Julia Roberts on watching ‘Pretty Woman’ on Broadway, joining TV bandwagon
(First of two parts)
LOS ANGELES—“I didn’t quite realize how surreal it would be,” Julia Roberts said about watching the Broadway musical version of “Pretty Woman,” the movie that launched her to stardom in 1990. “They did a great job. It’s a great show, and everyone in it is very good.”
Added the actress about the musical retelling of her hooker-with-a-heart-of-gold blockbuster (which costarred Richard Gere and was directed by the late Garry Marshall): “And it was fun. My cheeks hurt at the end of the show from smiling. But I didn’t realize how strange it would be to hear people saying things on a Broadway stage that once upon a time, we just made up to fill some space in a scene. We made up so many things while making that movie.”
The A-lister recalled, “We were just constantly trying new lines and different jokes to make Garry Marshall laugh. And it was very strange to hear those things on a Broadway stage. And it just made me miss Garry so much.”
Julia went backstage after the show to congratulate the cast, including Samantha Barks, who has the star’s Vivian Ward part on Broadway. Samantha played Eponine in the film version of “Les Miserables.”
Since becoming a major talent in the 1990s, Julia has evolved into a well-respected actress. In her first lead TV role, Julia is brilliant in Amazon Studios’ “Homecoming,” directed by Sam Esmail (“Mr. Robot”) and based on the original podcast series of the same name created by Eli Horowitz and Micah Bloomberg.
Julia plays Heidi Bergman in the psychological thriller set both in 2018 (Heidi works as a counselor/therapist in a secret US government facility treating soldiers returning from war) and 2022 (something has gone wrong and Heidi works as a waitress in a cheap restaurant). Bobby Cannavale and Stephan James costar.
Julia plays a mom, Holly Burns, who welcomes the return of her drug-addicted son Ben (Lucas Hedges) one Christmas Eve in the drama, “Ben Is Back.” Both Julia and Lucas are terrific. The movie is written and directed by Peter Hedges, the real-life dad of Lucas, the rising young actor whose impressive credits include “Lady Bird,” “Three Billboards Outside Ebbing, Missouri” and “Boy Erased.”
The 50-year-old and her husband, cameraman Daniel “Danny” Moder, have three kids.
Excerpts from our interview:
Was it a big decision to make a TV show? I didn’t really make a decision to make a TV show. I had been sent this podcast long ago. I listened to it. I wasn’t very familiar with podcasts then. I certainly had never heard one that had a story like this. To me, it just seemed like an old-fashioned radio play, that you’d sit around in the living room and listen to a story.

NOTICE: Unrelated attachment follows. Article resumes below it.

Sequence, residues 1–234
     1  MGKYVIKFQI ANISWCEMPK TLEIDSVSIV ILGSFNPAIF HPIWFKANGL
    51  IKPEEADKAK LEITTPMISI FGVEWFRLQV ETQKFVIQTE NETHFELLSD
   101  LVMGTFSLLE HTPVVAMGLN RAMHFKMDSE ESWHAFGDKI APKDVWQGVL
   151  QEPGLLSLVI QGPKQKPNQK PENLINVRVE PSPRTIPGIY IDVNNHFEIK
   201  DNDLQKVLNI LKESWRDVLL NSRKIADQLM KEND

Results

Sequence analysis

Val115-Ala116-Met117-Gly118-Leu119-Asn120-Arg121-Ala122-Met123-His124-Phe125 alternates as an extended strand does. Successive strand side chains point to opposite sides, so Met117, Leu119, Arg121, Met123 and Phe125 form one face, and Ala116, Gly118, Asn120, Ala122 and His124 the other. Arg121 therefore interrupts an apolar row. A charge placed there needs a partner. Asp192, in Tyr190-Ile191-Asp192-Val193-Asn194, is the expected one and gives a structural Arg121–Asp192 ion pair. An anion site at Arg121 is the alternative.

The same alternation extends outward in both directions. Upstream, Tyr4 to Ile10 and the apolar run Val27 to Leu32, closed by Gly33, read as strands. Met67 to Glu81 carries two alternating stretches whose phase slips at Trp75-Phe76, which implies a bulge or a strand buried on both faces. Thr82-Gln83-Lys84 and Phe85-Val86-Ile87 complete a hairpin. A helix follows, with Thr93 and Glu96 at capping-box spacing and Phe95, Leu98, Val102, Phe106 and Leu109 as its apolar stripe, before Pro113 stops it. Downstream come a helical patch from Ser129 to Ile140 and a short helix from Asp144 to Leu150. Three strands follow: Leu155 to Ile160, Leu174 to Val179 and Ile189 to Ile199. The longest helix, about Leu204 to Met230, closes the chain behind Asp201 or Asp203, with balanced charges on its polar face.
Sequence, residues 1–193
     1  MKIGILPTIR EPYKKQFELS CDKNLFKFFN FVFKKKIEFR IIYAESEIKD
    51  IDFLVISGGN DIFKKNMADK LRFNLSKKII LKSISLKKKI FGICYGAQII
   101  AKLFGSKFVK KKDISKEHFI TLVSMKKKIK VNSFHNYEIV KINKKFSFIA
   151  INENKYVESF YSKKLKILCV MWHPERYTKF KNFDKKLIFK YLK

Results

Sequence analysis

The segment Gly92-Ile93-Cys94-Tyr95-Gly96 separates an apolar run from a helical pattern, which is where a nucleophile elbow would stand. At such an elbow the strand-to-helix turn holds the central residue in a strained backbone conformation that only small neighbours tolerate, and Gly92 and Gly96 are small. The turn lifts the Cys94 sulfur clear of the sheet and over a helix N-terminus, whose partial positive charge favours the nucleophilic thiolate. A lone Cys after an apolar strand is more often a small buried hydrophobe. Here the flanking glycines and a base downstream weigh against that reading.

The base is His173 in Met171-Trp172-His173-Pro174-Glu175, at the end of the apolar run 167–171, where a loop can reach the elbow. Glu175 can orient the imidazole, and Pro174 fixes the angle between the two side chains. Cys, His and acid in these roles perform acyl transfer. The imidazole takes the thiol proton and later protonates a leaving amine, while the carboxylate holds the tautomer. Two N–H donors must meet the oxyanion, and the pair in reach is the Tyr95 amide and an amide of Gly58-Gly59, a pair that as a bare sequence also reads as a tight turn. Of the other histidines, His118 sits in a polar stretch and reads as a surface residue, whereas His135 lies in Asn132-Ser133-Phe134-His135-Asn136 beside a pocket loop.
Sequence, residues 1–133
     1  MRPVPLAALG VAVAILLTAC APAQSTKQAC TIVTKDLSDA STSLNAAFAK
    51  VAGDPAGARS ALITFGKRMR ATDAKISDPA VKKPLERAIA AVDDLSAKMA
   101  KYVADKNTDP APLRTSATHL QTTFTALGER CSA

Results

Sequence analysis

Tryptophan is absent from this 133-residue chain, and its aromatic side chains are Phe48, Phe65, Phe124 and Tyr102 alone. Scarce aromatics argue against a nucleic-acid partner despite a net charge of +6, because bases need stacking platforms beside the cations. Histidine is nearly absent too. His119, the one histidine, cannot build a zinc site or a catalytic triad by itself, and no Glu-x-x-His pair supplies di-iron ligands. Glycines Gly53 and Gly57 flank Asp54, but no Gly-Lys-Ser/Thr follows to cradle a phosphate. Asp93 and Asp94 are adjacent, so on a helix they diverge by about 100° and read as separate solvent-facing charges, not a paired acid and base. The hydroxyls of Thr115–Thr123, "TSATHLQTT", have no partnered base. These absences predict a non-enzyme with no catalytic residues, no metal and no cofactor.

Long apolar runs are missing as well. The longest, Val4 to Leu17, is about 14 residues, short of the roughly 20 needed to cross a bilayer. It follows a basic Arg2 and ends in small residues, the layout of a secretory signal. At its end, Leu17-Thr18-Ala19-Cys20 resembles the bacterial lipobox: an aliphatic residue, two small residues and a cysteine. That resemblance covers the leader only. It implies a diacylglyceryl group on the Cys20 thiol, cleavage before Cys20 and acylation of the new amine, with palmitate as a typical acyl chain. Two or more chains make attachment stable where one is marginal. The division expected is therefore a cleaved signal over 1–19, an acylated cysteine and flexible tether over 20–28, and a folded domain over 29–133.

By the time I got a call about it next was from Sam Esmail. While he has made incredible content for television, I didn’t necessarily assume that would be what he wanted to turn this into. We had this incredible conversation.
At the time, it wasn’t so much about if it would be a TV show. It was just a creative conversation of, did we both like this in the same way and were we intrigued by it? And it took off from there. So it’s more … [because] I picked to be with Sam than I picked to make a TV show.
In real life, do people tend to go to you and ask for advice? In my circle of friends I would be considered one of the main advisors, yeah. And I take that very honorably.
One fascinating thing about “Homecoming” is that we get to see your character in two different periods of her life. Did you shoot them separately? It was tricky. I had to definitely stay on top of it. There were only a couple of days that I was both Heidis in one day. So I usually was just one Heidi a day. That was what I could manage.
It starts at the diner unexpectedly. And I thought, is that really how it started when I read it? So I would rely on Sam to remind me.
Now switching to “Ben Is Back,” did you realize how challenging this role would be? It’s the challenge that makes you want to do it. But like anything, you don’t really know how hard it will be until it’s the middle of the night, it’s 23 degrees below zero and it’s just Lucas and me standing there, staring at each other, wondering if we might die.
Then you think, I never really thought of the physical challenge of prevailing in these dark, cold nights.
For me, what was of the greatest value ultimately was that I had made a concentrated effort to get Lucas and Kathryn into my house before we started filming. So that we all had a clear sense of each other and a comfort with each other.
I knew once we started filming that we weren’t going to have the luxury of time in that same way. I just respect and adore both of them so much and so completely, I can’t imagine going through this story with any other actors to play my two older children. It was extraordinary for me.
Lucas Hedges brought such intensity to the movie. Can you talk about the energy that you two worked off? I honestly couldn’t say enough about Lucas as a person, as a young man, as an artist. He is utterly devoted. He was fantastic.
I’m watching him this close to me all the time. You can see everything a person is doing. I was just completely and utterly impressed.
And he’s also a hell of a nice guy, just sweet. He’s got his feet on the ground, his intentions are very secure. I adore him, I really do.
Does playing the mother of a son who has a serious drug problem make you think about your own children’s future? I don’t think about that. If you apply all the many nightmares that any parent could apply to life in this world, you’d lock the doors and never leave the house. So you really do have to concentrate on just all the positive, optimistic things of the world and hope that those carry you and your family through, intact.
E-mail the columnist at firstname.lastname@example.org. Follow him at http://twitter.com/nepalesruben.
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